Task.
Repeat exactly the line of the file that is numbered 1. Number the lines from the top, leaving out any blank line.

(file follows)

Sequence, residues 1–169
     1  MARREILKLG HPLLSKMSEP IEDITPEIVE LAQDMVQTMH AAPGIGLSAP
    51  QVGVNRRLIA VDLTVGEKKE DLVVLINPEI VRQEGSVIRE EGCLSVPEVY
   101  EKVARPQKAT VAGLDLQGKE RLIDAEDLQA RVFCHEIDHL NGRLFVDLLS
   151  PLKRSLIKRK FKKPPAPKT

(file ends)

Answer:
Sequence, residues 1–169